• Adam says

        Hi Eric / Mynda
        I’ve had this issue before, the easiest way I have found is to setup page breaks, for the number of rows you want printed, then save the sheet after use, save as page breaks 5 rows, or something like that, the next time you need this, special paste the data (as values), then excel will remember your setting
        Hope it help

        Hi Mynda
        Excellent site, thank you for you guides, very helpful indeed

  15. T. Sathish Kumar says

    Hi, I tried many things by seeing your website i’m working in a school we use to maintain a data base of the student in excel sheet, it consist of assessment marks of all subjects and converting to grade. when i’m converting it to grade i found i cannot able to convert absentees which have mentioned using “AB” this has to written in the formula. I convert marks in to grade using this formula =IF(E8>=45,”P”,”F”) in the same formula i have to include “AB” if they are absent,.

    FOR YOUR CLEAR UNDERSTANDING: I have to check whether they are present or absent, if they are present i have to check whether they are above 45 if satisfies then it has to convert it into “P” else “F”.
    Please help me in this so that you

  16. Olivia says

    I am trying to improve my Microsoft proficiency and this tutorials are very helpful. Thanks so much for making them available. I will pass them on.

  17. Kurian says

    I have two sheets (namely Site and Sumary)
    Name SITE Salary budgeted month 30-04-12 31-05-12 30-06-12
    A ABC 1000 30-06-2012 1000 1000 1000
    B BCA 1100 31-05-2012 1100 1100
    C ABC 1200 30-04-2012 1200
    D ABC 1300 30-06-2012 1300 1300 1300

    In summary sheet, i would like count the number of persons by month with by Site.

    I tried countif funtion but doesnot give result. which function i have to use here.
    Kinldy help me

    • Mynda Treacy says

      Hi Kurian,

      I apologise for the late response to your question. We were abroad at the time and unfortunately your question was missed.

      I presume you want to count the number of persons based on the data in the ‘budgeted month’ column. If so you could use a formula like this:


      Where column B contained ‘Site’ and column D contained ‘budgeted month’ and cell E1 contained ’30/04/2012′. You could then copy this across to columns F and G.

      I hope that helps. If not please let me know.

      Kind regards,


  18. Dave says

    First – Great article

    I would like to add the following notes:

    Long range names can also cause issues as a lot of people don’t know that you can re-size the name box (in Excel 2007 & 2010) so you can read them.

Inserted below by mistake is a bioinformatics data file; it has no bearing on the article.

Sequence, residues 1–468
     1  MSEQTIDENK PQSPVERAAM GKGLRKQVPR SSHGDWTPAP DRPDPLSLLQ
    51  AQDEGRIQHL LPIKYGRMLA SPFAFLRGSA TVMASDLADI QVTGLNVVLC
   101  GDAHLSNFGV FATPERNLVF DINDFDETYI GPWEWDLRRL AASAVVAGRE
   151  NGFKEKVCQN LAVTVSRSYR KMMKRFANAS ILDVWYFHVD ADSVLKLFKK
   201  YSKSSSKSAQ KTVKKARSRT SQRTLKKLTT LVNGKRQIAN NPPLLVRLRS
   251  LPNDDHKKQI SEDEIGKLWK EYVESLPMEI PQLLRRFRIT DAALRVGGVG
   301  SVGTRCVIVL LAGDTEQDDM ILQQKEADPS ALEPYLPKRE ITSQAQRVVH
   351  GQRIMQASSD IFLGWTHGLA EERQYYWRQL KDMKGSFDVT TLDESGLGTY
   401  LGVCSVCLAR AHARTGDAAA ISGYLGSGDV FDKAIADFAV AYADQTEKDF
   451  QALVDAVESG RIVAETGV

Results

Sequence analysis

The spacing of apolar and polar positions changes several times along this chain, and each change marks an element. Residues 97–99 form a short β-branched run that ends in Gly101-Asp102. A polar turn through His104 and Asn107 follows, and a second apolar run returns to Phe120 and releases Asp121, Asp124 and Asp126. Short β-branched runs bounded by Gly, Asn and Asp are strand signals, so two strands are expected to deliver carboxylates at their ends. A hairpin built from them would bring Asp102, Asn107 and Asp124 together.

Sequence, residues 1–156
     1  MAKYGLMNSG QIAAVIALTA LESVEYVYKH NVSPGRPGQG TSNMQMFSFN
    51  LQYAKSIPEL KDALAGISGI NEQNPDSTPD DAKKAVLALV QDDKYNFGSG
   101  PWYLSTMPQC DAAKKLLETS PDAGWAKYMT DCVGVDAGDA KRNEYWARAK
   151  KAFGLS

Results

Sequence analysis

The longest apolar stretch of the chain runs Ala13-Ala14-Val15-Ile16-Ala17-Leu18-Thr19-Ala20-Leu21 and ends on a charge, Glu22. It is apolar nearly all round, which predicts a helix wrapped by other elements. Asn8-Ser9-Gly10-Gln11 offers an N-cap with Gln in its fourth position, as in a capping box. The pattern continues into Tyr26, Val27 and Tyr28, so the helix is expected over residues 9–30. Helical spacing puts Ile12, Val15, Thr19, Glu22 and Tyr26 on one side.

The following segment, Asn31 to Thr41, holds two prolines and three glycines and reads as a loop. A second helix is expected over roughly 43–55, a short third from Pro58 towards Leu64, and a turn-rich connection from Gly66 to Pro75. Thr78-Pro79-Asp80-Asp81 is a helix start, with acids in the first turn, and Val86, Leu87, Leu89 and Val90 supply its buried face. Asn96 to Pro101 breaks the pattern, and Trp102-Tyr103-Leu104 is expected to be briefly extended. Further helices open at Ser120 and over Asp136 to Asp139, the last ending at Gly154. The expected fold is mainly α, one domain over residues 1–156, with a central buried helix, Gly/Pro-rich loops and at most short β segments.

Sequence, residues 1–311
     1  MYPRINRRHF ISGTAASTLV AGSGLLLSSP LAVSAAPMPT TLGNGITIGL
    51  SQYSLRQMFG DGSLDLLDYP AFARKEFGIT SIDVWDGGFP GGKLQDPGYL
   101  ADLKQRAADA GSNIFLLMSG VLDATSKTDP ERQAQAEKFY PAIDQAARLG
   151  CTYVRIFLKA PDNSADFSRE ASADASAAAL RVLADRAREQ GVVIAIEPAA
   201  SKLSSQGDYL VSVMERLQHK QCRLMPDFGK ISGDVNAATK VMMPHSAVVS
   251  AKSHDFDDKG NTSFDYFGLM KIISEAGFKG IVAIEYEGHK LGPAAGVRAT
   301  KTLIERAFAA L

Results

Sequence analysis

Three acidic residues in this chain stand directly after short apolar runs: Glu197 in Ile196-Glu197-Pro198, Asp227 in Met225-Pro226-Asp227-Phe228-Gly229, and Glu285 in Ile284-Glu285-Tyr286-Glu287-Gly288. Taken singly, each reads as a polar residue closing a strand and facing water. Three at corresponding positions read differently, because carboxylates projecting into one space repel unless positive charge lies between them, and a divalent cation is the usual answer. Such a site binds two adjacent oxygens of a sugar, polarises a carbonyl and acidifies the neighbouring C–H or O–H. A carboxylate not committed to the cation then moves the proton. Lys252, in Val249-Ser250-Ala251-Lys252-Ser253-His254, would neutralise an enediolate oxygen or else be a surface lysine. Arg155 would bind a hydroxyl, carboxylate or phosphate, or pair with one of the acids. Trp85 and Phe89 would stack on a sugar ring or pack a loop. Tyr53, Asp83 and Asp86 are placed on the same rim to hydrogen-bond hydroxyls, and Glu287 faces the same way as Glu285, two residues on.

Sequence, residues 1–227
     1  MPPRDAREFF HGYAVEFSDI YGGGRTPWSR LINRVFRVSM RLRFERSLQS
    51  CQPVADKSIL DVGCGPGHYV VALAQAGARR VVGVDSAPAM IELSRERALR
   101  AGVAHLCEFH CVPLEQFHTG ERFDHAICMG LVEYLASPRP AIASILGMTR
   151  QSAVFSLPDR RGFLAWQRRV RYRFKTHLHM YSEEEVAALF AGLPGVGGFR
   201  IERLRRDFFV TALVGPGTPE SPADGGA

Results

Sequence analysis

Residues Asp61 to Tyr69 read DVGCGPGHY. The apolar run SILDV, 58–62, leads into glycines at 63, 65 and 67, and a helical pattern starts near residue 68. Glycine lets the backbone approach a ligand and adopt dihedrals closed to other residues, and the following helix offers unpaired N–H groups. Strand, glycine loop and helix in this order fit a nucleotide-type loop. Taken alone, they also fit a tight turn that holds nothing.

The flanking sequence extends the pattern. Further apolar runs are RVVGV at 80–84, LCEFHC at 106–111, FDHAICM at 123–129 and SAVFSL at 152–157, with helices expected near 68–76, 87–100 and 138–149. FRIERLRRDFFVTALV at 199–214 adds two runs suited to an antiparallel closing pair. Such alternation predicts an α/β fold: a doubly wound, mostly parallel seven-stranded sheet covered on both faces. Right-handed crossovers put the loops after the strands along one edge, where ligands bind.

In earlier versions of Excel (which many companies still use) it was not possible to manually resize this box and you needed to use a VBA procedure to auto resize it – which also may not be practical given many companies security restrictions on running macros.

    I would also suggest that constants which are often one or more letters can be identified using a descriptor such as const_ for constant, or calc_ for a calculation etc. which allows users to still use terms they are familiar without having to invent new names for something.


    • Mynda Treacy says

      Thanks, Dave. Great tips. I didn’t know you could re-size the name box either!

      Kind regards,


  19. Thomas says

    I created an Excel chart using macros written in Excel 2003. A function of this macro is the create Chart01, copy it to Chart02 then update the data point references in Chart02. However, when the code initializes the copy of Chart01 I receive several “Name Conflicts” messages. I quickly click through the “Use in destination sheet” messages, and everything turns out okay. My question is: What is the cause of this, and how do I correct it? I’ve been using this code for several years, and never had a problem in 2003. HELP!

    • Mynda Treacy says

      Hi Thomas,

      Excel 2007/2010 doesn’t like the word ‘chart’ to be used in a named range used with charts. You will need to rename your named ranges that containt the word ‘chart’.

      Go to the Formulas tab > Name Manager and edit them.

      Also because Excel 2007/10 has so many more rows and columns you need to be careful not to abbreviate your named range so that it is the same as a cell reference. e.g. CH1

      I hope that helps.

      Kind regards,


  20. Jeff says

    Is there any benefit (or hinderance) to having a global named range that is listed in the Name Manager multiple times, but with different scopes?

    In other words, I have a Data tab as my data source. I then have a Tab1 that references the DataSet range on the Data tab. When I copy Tab1 and make a Tab2 (Tab3, Tab4, etc.), each time I create the new tab it creates a new DataSet range in the Name Manager, but with a different scope. So I end up with something like this:

    DataSet Refers to: Data Scope=Workbook
    DataSet Refers to: Data Scope=Tab1
    DataSet Refers to: Data Scope=Tab2
    DataSet Refers to: Data Scope=Tab3

    Does that effect speed/performance at all? Should I delete all the individual names and just have one that says Scope=Workbook? Or does having each one make calculation faster? Or doesn’t it matter either way

    Thank you

    • Mynda Treacy says

      Hi Jeff,

      Great question.